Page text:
Our first featured member of the week, Augustin Rugundana, calls civic engagement one of the most important issues in his community. After building his skills through YALI Network courses such as Community Organizing for Action, Servant Leadership, and Management Strategies for People and Resources, Augustin decided to help others tackle the issue by organizing inter-university events and debate competitions on topics like governance and public service delivery.
Augustin, who lives in Kigali, says the events targeted intellectuals from universities and other higher education institutions in hopes of identifying “quick messengers and potential partners” to “drive social and economic transformation” and “to empower and enhance their capacity and sense of responsibility.” Lectures during the events drew on lessons learned in his YALI Network Online Courses and focused on “leadership, democracy, and youth participation in civic matters and their role in influencing policies that affect our lives.”
“In short,” Augustin says, “you can’t fight for your rights… if you are not informed or responsible.” To pass on these lessons, participants have decided to create leadership clubs “to continuously institutionalize leadership values and good governance… among the emerging generation.”
Our next featured member this week, Diocres Barabwiriza, took a personal approach to sharing what he has learned from the YALI Network Online Courses on Understanding the Rights of Women and Girls, Design-Driven Entrepreneurship, and Fundamentals of Business Expansion. Instead of planning large events, Diocres decided to host two intimate conversations with fellow students in Ngoma on the issues he cares about most.
The first, a discussion with male classmates about the rights of women and girls, focused on issues like consent and gender equality in the workplace. He shared the importance of making financial plans together, as a family, that respect the contributions of both husband and wife to the household income. “I wanted to share,” Diocres says, “… what I learned from the YALI Network Online Courses by discussing, as teenagers, how we can promote and empower women in our country.”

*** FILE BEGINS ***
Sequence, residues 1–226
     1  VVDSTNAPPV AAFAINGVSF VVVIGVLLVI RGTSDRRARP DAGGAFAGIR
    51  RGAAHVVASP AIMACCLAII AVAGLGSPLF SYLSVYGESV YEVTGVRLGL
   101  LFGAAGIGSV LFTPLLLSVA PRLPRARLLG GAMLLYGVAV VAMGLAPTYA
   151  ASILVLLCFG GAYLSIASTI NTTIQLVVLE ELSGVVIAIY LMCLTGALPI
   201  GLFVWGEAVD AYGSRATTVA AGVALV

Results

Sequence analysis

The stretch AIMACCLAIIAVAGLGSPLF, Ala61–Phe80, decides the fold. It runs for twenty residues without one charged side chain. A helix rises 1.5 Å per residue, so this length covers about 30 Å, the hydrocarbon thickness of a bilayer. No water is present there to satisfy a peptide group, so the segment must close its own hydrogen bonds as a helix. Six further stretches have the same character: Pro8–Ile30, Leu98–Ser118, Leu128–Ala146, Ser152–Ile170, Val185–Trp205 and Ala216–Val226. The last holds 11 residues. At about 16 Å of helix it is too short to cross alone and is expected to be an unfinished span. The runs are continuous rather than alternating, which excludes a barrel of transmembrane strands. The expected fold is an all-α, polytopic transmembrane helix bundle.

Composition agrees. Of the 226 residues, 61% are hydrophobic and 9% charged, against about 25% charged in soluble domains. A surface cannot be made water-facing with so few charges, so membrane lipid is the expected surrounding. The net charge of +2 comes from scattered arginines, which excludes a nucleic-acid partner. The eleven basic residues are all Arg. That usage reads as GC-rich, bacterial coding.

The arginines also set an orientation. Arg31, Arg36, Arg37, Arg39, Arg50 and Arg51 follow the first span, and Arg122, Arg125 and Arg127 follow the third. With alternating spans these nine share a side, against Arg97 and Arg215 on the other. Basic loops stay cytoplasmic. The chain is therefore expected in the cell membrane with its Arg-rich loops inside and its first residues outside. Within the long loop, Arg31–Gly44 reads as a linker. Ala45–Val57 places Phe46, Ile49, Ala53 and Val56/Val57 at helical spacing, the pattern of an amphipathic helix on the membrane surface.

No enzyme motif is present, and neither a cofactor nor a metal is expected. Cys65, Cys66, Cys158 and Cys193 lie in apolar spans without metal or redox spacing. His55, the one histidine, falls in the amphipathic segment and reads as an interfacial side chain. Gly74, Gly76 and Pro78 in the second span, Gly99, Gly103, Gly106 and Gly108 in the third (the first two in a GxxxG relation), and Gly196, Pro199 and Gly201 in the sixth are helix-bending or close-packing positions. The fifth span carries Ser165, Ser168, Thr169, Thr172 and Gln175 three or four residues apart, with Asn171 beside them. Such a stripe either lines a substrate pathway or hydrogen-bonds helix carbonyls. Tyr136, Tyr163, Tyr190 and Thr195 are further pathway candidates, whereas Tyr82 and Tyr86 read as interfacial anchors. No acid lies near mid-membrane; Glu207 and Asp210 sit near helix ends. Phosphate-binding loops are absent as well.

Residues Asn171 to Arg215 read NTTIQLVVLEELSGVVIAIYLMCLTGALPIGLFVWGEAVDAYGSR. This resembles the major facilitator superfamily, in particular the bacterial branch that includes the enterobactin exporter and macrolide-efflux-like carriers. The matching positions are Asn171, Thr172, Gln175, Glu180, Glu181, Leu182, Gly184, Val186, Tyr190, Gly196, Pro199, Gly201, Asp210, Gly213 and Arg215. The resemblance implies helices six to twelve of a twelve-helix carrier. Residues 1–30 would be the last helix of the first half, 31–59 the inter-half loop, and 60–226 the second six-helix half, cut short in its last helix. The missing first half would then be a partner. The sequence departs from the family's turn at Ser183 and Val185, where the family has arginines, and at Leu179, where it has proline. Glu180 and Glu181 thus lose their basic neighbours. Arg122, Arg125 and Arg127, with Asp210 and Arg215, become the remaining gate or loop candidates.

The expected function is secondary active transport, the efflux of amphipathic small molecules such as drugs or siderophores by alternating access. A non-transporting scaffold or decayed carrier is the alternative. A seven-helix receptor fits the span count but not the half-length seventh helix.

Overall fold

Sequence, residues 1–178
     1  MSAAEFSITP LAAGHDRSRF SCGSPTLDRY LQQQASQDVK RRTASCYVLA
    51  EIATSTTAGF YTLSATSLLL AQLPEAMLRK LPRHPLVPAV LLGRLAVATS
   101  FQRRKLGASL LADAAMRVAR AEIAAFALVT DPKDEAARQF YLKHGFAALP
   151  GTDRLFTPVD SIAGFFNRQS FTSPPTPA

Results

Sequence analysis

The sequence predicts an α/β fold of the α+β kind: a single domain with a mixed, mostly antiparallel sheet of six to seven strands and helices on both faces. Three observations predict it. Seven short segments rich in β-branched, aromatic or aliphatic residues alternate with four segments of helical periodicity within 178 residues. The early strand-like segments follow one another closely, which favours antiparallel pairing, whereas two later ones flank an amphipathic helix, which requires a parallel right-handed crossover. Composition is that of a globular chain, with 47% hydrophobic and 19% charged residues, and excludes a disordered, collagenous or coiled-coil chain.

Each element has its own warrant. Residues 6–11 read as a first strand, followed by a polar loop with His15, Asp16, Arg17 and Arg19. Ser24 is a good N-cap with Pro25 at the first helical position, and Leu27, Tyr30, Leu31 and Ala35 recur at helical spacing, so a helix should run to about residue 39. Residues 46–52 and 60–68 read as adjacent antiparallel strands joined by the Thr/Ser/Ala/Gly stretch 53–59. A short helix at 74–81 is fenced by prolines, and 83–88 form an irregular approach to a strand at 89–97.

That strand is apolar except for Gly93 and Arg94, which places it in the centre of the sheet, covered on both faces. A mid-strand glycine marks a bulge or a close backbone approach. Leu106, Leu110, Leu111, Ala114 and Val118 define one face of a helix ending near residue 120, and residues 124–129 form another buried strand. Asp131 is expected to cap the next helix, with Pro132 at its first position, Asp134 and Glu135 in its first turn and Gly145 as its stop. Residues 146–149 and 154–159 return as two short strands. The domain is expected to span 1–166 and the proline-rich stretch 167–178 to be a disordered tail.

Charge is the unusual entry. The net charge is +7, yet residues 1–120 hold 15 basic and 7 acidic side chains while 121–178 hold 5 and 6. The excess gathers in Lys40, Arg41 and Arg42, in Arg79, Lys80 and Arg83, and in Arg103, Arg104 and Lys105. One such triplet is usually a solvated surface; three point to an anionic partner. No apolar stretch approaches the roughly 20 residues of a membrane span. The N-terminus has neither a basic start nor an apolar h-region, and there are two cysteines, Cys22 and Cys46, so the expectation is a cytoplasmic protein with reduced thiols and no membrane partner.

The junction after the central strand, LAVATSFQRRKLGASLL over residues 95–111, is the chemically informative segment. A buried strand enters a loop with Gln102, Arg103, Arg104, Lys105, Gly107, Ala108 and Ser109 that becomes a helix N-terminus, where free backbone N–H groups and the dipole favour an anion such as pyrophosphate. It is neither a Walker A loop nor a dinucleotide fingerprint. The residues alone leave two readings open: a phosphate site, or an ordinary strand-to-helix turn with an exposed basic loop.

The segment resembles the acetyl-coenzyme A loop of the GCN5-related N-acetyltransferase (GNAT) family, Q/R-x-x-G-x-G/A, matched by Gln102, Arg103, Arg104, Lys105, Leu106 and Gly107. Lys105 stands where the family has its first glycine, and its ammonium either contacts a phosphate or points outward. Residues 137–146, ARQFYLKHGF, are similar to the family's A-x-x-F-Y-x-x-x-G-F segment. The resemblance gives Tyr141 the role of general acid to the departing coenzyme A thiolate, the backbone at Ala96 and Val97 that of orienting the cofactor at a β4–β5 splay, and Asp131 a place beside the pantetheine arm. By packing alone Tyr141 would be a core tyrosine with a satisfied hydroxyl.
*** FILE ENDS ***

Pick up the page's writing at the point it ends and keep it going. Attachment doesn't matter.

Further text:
The second conversation, with eight classmates, gave Diocres an opportunity to pass on the lessons he learned in the business and entrepreneurship courses. Many of his classmates are interested in finding jobs in community pharmacies, so Diocres says he “clarified the way we could set up our future by explaining to my colleagues how we could start our pharmacy careers” with the end goal of “having our own pharmacy” in mind.
“From here,” Diocres says, “we discussed the different methods of saving we can use, so that we can prepare to have our own pharmacy.”
Our last featured member from Rwanda, Justin Byiringiro Murengera, says that “as we Rwandan youth struggle to rebuild our country, unity and reconciliation is the master key to achieve our dreams.”
Justin, who is from Musanze, was inspired to reach for that goal after attending a U.S. Embassy event. After the Ambassador encouraged students to get involved in the YALI Network, he applied for and was accepted into a training program at the YALI Regional Leadership Center East Africa in Kenya, where he focused on public management. “By attending the training in Kenya,” he says, he increased his skills “not only in public management, but also in entrepreneurship and knowing myself to achieve my dream.”
Since completing the program, Justin has hosted three #YALILearns events — one to teach local potato farmers about the effects of climate change on food productivity, one to encourage university students to improve their skills by joining the YALI Network, and another using art to educate the public on peace building. “After graduation,” he says, “all the skills that I learned from the YALI Network are helping me to change my community by inspiring them using art, mentoring, workshops and working with other youth to rebuild our post-genocide Rwanda.”